Homeowners’ interest in energy efficiency measures waxes and wanes. During the 1970s, when oil prices repeatedly spiked upwards, everyone wanted to save energy. However, in the 1980s, when oil prices collapsed, Americans forgot about saving energy, and most of us reverted to our usual wasteful habits.
By 2008, oil prices were high again, and green builders were receiving lots of phone calls from homeowners who wanted lower energy bills. But between June 2014 and now, oil prices have collapsed again, tumbling from $115 to between $37 and $40 a barrel. This raises several questions:
New Year’s Day is a good time to make predictions for the year ahead. I’ll attempt to answer the questions I’ve posed with a list of ten points.
Before going through these ten points, though, it’s worth emphasizing the fact that the world oil market is fairly responsive to changes in supply and demand. When the demand for oil exceeds the supply, prices rise. When the supply of oil exceeds the demand, prices fall.
Right now, oil producers are pumping lots of oil out of the ground — at a time when efficiency improvements (for example, improvements in vehicle fuel efficiency) have slowed the rate at which demand is increasing. The predictable result: prices have fallen.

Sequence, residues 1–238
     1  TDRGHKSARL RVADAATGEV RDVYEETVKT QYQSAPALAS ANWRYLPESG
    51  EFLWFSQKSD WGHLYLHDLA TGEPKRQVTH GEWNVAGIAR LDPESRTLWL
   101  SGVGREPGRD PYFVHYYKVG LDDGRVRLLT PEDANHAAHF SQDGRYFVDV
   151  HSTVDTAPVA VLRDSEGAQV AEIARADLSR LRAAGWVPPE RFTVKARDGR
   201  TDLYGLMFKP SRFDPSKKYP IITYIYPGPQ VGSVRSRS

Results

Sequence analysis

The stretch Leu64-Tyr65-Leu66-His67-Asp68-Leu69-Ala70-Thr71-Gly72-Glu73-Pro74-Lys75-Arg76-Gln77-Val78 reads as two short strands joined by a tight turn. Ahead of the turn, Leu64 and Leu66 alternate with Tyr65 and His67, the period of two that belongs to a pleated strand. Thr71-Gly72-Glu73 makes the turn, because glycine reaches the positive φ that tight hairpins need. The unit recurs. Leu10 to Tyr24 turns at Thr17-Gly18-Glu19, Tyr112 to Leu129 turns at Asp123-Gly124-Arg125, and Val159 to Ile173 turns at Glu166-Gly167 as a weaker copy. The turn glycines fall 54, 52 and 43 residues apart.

1. Interest in green building is down because energy is cheap
Let’s face it: most Americans don’t care too much about saving energy when energy is affordable. Compared to your cell phone bill, Internet bill, and cable TV bill, your electricity bill may seem reasonable. So why worry about it?
When energy prices drop, the payback period for energy-efficiency measures increases. Some homeowners are happy to spend $6,000 on attic insulation if the payback period for the investment is 10 years. Once the payback…